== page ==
Mac OS History

By: Mike Yocom - Revised: 2006-06-01 devin


The Mac OS was not the first graphical user interface, but it was the first successful one. The reason for this is simple: affordability. The Xerox Alto cost $32 000 to build, the Xerox Star retailed for $16 600, and the Apple Lisa retailed for $10 000. The first Macintosh, on the other hand, retailed for $2 500. Because it was affordable by average people, it was immediately much more attractive than the GUI computers that came before it.

Section Links

  1. System 1
  2. System 2
  3. System 3
  4. System 4
  5. System 5 (skipped)
  6. System 6
  7. System 7
  8. Mac OS 8
  9. Mac OS 9
Note: Version numbers used are the OS versions, rather than the Finder versions or the Macintosh System Software versions.

1984 — System 1

System 1 had a desktop, windows, icons, a mouse, menus, and scrollbars. Disks had an "Empty Folder" — new folders were created by changing the name of the Empty Folder — a replacement Empty Folder would immediately appear. The Trash worked like a garbage chute — anything in it would disappear with the next restart. Only one program could be run at a time, no virtual memory or protected memory was available. Some of the standard Macintosh features were missing — AppleTalk, desktop pictures, color, QuickTime, even Zoom Boxes. It was also impossible to nest folders within folders — in fact, folders were illusionary, all files were stored on the root level of a disk, with a note in the file table for which files were in which folder so the Finder could make them appear to be in the appropriate folder.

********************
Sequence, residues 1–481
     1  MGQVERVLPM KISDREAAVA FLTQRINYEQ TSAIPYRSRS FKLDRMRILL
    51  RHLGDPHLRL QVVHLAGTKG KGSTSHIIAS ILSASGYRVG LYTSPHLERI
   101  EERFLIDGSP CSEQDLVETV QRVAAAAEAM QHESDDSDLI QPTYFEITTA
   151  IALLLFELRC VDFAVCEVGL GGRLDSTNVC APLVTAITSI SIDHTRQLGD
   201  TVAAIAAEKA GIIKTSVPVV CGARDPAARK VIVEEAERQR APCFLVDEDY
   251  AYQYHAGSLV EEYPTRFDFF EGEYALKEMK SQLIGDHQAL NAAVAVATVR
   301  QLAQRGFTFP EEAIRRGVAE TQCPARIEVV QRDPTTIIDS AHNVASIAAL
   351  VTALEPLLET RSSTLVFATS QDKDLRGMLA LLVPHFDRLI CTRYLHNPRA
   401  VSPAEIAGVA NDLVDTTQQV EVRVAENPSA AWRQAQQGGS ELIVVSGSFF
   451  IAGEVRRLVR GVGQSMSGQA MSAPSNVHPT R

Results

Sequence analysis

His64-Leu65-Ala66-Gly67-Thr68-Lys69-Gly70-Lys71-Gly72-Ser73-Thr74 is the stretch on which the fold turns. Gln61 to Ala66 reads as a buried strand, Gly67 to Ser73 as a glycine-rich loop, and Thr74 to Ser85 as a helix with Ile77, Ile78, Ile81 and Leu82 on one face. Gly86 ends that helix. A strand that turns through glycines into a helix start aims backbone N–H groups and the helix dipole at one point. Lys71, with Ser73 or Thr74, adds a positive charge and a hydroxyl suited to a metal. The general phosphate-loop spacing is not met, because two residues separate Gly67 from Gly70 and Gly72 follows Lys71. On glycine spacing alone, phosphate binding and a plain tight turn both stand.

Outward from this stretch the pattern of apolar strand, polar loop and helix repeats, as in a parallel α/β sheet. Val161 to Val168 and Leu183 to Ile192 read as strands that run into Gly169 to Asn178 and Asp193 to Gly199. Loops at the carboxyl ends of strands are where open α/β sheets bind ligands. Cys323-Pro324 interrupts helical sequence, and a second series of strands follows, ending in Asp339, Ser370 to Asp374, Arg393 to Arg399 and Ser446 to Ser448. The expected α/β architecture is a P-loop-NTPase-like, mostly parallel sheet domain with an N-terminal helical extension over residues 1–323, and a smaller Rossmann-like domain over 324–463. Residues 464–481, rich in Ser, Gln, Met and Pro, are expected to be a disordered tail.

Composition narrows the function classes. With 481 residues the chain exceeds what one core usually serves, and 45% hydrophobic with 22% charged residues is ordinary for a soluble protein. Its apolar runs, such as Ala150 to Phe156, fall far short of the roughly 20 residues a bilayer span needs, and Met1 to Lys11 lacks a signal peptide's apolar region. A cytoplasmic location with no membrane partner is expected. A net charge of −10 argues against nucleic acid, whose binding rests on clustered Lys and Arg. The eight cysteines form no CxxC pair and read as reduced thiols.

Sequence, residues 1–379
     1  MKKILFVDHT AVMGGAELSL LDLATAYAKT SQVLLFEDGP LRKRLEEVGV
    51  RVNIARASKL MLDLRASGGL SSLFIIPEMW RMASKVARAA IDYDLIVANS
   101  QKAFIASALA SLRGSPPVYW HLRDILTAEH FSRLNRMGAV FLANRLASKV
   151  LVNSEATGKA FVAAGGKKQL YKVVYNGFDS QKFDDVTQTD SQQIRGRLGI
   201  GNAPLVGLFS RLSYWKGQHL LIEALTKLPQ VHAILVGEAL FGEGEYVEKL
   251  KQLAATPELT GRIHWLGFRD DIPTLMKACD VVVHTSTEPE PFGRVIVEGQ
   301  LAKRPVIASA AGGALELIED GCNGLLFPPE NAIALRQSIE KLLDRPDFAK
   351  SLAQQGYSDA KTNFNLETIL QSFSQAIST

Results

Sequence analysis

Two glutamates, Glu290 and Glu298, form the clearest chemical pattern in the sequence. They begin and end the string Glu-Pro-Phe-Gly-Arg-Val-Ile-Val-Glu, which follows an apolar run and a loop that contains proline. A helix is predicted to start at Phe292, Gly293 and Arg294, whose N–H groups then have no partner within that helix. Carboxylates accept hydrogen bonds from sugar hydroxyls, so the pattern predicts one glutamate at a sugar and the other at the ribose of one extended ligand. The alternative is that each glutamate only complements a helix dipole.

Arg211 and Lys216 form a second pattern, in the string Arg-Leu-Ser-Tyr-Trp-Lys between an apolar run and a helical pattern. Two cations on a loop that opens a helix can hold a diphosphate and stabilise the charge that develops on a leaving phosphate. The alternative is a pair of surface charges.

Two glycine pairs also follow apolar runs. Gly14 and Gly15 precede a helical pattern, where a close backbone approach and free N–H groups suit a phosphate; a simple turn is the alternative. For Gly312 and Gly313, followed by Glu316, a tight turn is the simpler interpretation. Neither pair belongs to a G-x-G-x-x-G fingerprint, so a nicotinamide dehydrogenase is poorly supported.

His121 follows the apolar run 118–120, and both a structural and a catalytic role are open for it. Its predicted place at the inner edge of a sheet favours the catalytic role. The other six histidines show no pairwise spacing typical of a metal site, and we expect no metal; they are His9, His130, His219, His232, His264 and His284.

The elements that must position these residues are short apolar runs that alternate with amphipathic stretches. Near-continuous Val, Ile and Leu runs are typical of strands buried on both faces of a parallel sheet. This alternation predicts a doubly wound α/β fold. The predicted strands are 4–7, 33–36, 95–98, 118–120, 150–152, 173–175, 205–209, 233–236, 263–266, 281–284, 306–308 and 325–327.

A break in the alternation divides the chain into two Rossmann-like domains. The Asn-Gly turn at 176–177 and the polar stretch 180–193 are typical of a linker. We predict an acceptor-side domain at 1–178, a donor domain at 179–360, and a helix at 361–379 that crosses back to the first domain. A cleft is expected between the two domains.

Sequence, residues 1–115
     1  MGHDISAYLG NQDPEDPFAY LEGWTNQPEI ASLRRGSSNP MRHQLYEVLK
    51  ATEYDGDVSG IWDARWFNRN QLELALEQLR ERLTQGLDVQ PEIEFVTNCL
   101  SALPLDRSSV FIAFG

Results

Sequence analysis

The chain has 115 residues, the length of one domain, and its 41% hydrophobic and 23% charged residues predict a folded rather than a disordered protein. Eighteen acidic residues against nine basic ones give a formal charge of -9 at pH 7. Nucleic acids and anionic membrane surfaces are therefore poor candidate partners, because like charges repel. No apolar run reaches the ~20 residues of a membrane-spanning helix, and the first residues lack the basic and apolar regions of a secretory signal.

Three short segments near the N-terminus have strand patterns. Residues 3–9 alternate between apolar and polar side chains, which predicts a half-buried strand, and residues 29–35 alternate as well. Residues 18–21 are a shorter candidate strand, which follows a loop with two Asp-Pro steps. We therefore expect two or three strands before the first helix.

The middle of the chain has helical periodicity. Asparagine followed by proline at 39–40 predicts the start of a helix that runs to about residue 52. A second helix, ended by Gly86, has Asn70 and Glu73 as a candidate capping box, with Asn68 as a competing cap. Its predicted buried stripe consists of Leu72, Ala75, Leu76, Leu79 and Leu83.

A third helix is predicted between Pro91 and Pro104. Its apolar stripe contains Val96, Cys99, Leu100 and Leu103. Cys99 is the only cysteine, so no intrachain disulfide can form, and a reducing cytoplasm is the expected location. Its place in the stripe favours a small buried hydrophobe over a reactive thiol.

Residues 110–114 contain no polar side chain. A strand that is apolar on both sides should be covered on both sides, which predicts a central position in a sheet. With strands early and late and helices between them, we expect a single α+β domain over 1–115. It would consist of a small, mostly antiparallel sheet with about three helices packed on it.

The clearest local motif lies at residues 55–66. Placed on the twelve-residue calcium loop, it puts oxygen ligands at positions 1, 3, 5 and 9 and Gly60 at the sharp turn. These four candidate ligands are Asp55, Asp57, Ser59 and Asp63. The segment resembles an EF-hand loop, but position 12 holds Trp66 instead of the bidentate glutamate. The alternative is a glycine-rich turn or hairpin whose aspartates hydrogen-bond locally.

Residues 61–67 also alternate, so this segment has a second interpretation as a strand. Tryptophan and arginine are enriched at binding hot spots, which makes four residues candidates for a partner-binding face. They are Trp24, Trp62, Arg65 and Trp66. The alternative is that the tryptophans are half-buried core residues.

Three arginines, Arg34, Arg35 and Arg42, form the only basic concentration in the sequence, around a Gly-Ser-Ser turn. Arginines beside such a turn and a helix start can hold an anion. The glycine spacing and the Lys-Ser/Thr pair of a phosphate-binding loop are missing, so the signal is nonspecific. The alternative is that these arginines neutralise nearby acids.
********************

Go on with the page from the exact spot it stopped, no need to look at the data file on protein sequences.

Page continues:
System 1.1 added the About dialog box, the Clean Up command, and some speed improvements.

1985 — System 2

System 2 was notable by making the Finder twenty percent faster. The Put Back and Close All commands were eliminated, while New Folder and Shutdown were added. Disks could now be ejected by dragging their icons to the Trash, instead of selecting the Eject Disk command and then dragging the icon to the Trash. A non-hierarchical List View, where items within a folder were listed in a vertical list with small icons, was added. A Choose Printer desk accessory was added, this would eventually evolve into the Chooser.

1986 — System 3